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Dirty_D
Posted: Tuesday, July 09, 2013 4:19:41 PM

Rank: Head Nurse
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I've been watching my diet, and adding exercise since last fall. I signed up for 2 half marathons and have been training regularly, running 6 days/week, Zumba 4-6 times a week. yoga on tuesday. This had been very effective for me to lose weight. Now I have plateaued, and cant seem to get the rest off. (id like to lose about 30 #'s more) I've discussed it with the Physician, (ill be seeing him tomorrow, as a matter of fact) and a Registered Dietitian, neither seem to concerned about it, and both say that I am toning. It worries me though. I want to get to my goal. So I want to get off this plateau.

What have you done to break the plateau?
FitBusinessPro
Posted: Friday, July 12, 2013 7:53:14 AM

Rank: Forum Guru

Joined: 7/10/2013
Posts: 114
Location: Birmingham, United States
I suggest lifting weights to build lean muscle and burn fat - 15 reps x 3 sets per exercise. Start with the large muscle groups - squats, shoulder press, rows, etc; and add on from there. Don't rest in between sets - pick 3 exercises and cycle through all 3 in a row, then set 2, etc.

You won't bulk up with light weights.

Also, I would build in some intensity (80% of max for 4-5 min, rest as little as possible, repeat) cycles in your cardio - at least once a week. I alternate swimming, biking, and running to keep me from getting bored.

Climbing stairs (2 at a time) is also convenient and great alternative to squats.

I've been to Zumba and it's fun, but nothing like what I get out of my workouts.
Dirty_D
Posted: Friday, July 12, 2013 8:20:10 AM

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I've bumped up a bit this week, upping the running to 5miles/day, and started sit ups & push ups. I was doing some squats, but with the increased running, I'm finding the squats are really making my knees act up. Swimming today. (still hitting the zumba after work) I'm down another pound this week, so maybe its helping...or not...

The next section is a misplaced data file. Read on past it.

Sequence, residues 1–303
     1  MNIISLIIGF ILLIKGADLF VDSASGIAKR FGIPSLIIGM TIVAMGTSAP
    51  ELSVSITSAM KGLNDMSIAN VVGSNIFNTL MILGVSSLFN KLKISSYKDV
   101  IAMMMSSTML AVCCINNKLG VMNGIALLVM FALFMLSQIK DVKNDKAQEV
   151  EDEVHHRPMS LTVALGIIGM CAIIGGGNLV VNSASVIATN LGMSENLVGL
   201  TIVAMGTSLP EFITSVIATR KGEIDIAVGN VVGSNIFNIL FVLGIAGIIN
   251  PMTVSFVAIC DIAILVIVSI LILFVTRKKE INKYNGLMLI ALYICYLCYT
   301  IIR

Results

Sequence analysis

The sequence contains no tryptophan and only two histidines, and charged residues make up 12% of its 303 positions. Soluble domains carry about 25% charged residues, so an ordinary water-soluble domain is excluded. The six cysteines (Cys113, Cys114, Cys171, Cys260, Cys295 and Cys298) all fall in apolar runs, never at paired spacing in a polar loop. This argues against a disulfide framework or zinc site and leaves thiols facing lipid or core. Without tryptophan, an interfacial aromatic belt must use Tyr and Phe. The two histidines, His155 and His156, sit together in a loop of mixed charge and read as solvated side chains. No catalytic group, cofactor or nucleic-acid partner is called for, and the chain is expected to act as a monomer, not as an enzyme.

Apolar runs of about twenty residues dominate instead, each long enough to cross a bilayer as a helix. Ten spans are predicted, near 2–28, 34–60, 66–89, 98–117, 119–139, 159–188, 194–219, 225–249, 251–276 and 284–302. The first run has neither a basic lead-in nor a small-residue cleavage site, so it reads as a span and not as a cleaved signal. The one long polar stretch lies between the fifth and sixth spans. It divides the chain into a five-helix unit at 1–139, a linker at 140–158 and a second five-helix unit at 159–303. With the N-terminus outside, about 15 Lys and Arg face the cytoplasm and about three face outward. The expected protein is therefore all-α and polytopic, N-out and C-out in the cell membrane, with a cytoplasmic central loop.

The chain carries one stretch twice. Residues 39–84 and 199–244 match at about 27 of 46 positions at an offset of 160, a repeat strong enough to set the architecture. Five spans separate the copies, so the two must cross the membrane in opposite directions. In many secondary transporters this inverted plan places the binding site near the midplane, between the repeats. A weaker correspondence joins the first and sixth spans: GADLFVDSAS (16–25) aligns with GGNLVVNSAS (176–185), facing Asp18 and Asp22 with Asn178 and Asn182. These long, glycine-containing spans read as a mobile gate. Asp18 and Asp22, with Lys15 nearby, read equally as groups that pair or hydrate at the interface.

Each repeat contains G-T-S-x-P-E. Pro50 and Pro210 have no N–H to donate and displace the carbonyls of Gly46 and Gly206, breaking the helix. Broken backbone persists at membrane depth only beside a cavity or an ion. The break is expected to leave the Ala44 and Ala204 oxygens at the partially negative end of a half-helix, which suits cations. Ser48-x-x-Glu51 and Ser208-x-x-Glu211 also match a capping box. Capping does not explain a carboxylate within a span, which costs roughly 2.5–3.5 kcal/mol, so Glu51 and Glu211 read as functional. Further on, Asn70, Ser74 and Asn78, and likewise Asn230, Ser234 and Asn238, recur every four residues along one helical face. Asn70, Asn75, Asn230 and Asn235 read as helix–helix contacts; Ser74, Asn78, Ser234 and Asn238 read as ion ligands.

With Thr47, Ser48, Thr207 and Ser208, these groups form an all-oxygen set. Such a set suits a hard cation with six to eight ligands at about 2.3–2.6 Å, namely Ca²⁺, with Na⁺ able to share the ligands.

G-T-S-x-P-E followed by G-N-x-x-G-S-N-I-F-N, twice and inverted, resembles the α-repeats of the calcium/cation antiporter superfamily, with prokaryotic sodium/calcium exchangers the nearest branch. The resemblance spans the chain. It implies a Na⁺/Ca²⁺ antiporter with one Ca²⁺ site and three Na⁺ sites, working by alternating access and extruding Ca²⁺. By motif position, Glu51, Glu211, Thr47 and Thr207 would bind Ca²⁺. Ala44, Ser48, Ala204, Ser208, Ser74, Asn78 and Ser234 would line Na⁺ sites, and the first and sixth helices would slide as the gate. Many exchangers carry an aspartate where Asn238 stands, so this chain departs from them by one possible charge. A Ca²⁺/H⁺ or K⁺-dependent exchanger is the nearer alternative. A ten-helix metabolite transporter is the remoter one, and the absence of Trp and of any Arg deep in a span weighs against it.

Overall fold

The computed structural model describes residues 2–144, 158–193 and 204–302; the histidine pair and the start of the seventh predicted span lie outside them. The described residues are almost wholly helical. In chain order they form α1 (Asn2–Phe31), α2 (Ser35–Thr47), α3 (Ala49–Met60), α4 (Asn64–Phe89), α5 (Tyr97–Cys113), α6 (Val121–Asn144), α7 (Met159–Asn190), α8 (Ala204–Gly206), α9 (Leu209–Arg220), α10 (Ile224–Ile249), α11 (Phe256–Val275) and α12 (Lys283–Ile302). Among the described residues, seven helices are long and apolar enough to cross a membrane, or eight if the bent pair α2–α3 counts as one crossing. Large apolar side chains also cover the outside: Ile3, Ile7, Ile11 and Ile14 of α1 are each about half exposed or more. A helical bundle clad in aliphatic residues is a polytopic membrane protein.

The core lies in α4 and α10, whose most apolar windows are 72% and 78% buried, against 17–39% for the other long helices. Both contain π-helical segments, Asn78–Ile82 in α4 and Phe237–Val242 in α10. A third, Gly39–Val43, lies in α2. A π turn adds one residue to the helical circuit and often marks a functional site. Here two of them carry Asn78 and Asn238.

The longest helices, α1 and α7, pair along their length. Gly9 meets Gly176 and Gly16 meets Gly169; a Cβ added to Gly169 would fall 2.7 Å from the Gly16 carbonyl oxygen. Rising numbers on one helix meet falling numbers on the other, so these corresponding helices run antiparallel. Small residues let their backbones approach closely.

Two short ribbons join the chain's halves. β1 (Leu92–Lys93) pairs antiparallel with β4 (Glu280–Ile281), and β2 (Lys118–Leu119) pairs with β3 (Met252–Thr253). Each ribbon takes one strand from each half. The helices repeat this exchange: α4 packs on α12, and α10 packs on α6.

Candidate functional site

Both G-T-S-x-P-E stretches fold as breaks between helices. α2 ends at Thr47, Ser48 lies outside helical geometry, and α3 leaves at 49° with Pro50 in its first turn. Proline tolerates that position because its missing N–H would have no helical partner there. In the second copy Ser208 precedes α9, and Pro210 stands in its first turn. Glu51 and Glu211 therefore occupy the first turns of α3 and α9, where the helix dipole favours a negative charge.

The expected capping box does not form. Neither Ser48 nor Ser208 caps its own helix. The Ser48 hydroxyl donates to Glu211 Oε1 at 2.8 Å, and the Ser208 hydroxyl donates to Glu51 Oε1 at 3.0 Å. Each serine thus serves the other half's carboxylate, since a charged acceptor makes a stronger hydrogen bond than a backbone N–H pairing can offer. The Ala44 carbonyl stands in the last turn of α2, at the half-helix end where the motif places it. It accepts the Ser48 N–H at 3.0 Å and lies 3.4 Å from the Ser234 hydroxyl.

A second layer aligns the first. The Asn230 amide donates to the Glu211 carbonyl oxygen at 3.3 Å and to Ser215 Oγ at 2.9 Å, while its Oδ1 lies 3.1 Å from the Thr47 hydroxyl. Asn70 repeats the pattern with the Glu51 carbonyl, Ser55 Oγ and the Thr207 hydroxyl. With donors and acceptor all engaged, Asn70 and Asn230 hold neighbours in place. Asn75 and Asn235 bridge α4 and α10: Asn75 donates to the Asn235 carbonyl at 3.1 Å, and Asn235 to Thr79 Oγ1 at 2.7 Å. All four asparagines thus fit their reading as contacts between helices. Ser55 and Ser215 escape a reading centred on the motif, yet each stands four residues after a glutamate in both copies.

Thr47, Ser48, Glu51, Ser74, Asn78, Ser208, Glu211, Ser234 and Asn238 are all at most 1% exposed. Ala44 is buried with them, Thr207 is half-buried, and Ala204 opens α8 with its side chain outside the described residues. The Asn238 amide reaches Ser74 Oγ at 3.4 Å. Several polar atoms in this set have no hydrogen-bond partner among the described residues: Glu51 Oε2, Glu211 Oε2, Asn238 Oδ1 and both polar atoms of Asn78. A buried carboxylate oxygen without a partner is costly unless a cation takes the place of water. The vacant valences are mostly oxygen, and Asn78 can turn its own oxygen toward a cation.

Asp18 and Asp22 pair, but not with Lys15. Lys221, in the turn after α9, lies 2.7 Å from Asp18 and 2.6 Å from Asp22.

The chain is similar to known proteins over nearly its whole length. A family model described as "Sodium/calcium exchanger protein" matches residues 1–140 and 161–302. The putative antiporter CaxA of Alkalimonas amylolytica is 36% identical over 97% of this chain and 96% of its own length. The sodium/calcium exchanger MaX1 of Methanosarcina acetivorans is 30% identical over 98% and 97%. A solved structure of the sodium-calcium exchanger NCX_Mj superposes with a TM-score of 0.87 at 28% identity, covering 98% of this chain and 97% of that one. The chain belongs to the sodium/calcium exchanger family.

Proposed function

MadMartigan
Posted: Friday, July 12, 2013 8:35:30 AM

Rank: Raised on Blackroot

Joined: 6/17/2013
Posts: 2,199
Location: United States
naughtynurse wrote:
I've bumped up a bit this week, upping the running to 5miles/day, and started sit ups & push ups. I was doing some squats, but with the increased running, I'm finding the squats are really making my knees act up. Swimming today. (still hitting the zumba after work) I'm down another pound this week, so maybe its helping...or not...


That's really tough on the knees, that much running. My knees couldn't take it. If squats are making your knees bark, DITCH THEM! I can't emphasize that enough. Squats in general aren't all that good on your body, even if you are doing them correctly. I'd suggest dead-lifts instead. Easier on the knees.

Have you tried HIT training in addition to plain jogging? It, also, is easier on the knees.

It also works better than jogging for hours on end. You get the benefit without all the wear and tear on the knees or the time spent.

Try sprinting full out for 15-30 seconds. Then power-walk/jog for 2 minutes again. Rinse and repeat for about 15 minutes to start.

It's the equivalent of Px90, only in cardio form. You want to ease into HIT training though.

Here's a HIT primer.

http://www.shape.com/fitness/workouts/8-benefits-high-intensity-interval-training-hiit
Dirty_D
Posted: Friday, July 12, 2013 11:53:58 AM

Rank: Head Nurse
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I run regular runs(5 miles at the moment) 4 days/wk. one day I do a long run (planning 12 miles tomorrow) and one day I do a shorter fast run(usually 2 miles). Like I said in the first post, I'm training for a half marathon(actually two of them) so I'm trying to increase my mileage. I stopped doing the squats when I had issues on my run.